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Every Child Matters: Bemidji's 1st Orange Shirt Day

Acknowledging affects of residential schools on Indigenous communities

I remember…my grandma crying. I didn't understand why she was crying, but she was crying at this movie and I didn't understand it. I was probably like eight years old… I started recognizing these schools did exist and that my grandma, she was a residential school kid in the United States, and I didn't understand her pain, but I saw it in her eyes. – Val Steeprock

Bemidji recently held its first Orange Shirt Day: Every Child Matters event. Attendees recognized the significant impact residential boarding schools have had on Indigenous communities. They shared stories, celebrated lives, sent prayers, and raised hope.

I have family members that are boarding school survivors, including my father himself. And we've seen the trauma throughout the last decades…the impact that that has on our families within Indigenous country. We're carrying those traumas.... we need to learn how to heal and reconcile the past traumas and injustices that have faced and plagued Indigenous country …as these children's bodies continue to be discovered… It’s re-opening a wound… No school facility should have dead bodies in their land. – Joseph Oppegaard-Peltier III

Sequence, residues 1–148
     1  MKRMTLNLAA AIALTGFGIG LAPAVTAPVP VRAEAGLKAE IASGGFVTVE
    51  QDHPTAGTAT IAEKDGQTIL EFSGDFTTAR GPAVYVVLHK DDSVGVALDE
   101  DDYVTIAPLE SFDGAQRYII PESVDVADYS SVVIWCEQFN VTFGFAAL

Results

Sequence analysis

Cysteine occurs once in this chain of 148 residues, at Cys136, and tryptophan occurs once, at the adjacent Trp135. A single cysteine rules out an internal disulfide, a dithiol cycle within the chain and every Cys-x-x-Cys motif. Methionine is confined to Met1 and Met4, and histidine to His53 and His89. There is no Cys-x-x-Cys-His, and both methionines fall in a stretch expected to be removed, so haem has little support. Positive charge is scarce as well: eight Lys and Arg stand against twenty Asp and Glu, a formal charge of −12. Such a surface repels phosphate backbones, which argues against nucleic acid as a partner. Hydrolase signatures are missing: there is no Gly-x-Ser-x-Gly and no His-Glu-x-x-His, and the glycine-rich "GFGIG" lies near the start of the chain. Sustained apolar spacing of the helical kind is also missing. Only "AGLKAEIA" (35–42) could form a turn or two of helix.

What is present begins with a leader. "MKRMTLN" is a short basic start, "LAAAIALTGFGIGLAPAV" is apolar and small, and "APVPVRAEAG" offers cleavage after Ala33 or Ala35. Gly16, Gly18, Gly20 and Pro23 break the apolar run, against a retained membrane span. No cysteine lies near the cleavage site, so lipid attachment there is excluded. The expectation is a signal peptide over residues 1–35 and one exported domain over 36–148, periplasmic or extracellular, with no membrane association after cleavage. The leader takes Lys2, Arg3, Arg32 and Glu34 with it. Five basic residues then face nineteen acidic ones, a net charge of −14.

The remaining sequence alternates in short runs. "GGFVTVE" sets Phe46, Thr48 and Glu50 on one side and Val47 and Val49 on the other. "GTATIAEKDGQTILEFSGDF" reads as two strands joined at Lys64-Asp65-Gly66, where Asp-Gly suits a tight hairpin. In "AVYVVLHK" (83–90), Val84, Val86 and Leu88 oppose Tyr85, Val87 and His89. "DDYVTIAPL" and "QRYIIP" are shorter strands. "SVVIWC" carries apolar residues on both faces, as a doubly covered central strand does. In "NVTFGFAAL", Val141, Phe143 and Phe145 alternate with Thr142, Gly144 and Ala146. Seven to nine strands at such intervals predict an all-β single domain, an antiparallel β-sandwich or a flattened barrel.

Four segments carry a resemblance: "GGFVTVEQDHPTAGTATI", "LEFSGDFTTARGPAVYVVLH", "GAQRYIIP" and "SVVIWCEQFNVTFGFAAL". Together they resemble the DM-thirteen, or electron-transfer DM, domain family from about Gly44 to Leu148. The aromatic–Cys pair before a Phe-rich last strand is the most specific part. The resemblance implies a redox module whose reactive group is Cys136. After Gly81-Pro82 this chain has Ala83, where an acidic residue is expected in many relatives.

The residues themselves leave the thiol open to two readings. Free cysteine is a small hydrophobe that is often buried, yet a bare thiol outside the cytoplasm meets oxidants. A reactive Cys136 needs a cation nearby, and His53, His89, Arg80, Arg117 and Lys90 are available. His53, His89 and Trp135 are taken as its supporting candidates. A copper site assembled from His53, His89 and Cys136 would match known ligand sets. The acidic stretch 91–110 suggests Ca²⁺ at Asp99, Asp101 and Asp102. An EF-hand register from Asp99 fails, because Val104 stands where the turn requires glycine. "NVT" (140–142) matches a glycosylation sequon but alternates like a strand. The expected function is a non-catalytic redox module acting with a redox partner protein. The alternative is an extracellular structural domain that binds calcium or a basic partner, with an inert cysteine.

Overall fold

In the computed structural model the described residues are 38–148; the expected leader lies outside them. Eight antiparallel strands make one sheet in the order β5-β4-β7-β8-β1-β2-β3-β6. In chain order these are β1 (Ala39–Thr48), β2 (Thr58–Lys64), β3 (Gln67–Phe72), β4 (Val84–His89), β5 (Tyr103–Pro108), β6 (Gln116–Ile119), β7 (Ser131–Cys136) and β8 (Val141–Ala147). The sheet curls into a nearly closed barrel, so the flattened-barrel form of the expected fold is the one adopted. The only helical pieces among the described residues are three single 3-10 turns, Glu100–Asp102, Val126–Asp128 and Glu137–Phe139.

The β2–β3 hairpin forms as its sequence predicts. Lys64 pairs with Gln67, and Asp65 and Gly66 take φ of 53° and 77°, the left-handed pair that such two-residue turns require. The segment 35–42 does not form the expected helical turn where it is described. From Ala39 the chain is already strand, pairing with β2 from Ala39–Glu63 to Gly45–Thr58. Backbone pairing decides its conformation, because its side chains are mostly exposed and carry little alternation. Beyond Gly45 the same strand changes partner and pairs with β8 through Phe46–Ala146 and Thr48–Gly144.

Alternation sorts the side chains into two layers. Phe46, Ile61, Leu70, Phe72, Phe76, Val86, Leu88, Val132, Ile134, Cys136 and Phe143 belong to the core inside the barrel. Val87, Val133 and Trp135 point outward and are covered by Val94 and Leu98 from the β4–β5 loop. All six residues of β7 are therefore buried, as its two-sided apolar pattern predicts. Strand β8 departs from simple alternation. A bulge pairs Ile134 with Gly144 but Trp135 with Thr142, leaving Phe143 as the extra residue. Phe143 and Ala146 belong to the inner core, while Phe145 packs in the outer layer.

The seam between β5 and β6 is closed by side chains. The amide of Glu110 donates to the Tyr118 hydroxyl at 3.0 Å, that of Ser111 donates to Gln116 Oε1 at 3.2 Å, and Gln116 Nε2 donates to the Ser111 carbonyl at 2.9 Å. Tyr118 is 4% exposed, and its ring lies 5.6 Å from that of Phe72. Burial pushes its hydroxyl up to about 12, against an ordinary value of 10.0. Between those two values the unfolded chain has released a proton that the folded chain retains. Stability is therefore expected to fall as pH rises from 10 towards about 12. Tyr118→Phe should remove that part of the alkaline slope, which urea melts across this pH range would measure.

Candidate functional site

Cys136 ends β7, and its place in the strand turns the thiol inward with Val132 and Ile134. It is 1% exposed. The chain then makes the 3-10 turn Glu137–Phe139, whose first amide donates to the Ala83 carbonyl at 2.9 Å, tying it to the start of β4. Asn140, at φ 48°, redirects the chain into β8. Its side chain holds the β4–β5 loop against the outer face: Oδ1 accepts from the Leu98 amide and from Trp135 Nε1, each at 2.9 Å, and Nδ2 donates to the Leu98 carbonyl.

History of Orange Shirt Day:
Phyllis Webstad's orange shirt was taken from her and never returned when she, a member of the Stswecem'cXgat'tem First Nation, started boarding school at St. Joseph’s Mission Residential School in British Columbia September 30, 1973. Since sharing her story, the orange shirt has become a symbol of the affects of residential school on Indigenous people. In an effort to promote awareness and education around the residential school system and its impact on Indigenous communities, Canada established Orange Shirt Day in 2013. Ceremonies commemorating Orange Shirt Day have taken place across Canada and the United States every fall in years since. The movement’s slogan “Every Child Matters” has taken on even more nuance and significance as authorities continue to discover children’s remains on residential school campuses.

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Katie Carter started at Northern Community Radio in 2008 as Managing Editor of the station's grant-funded, online news experiment Northern Community Internet. She returned for a second stint in 2016-23. She produced Area Voices showcasing the arts, culture, and history stories of northern Minnesota.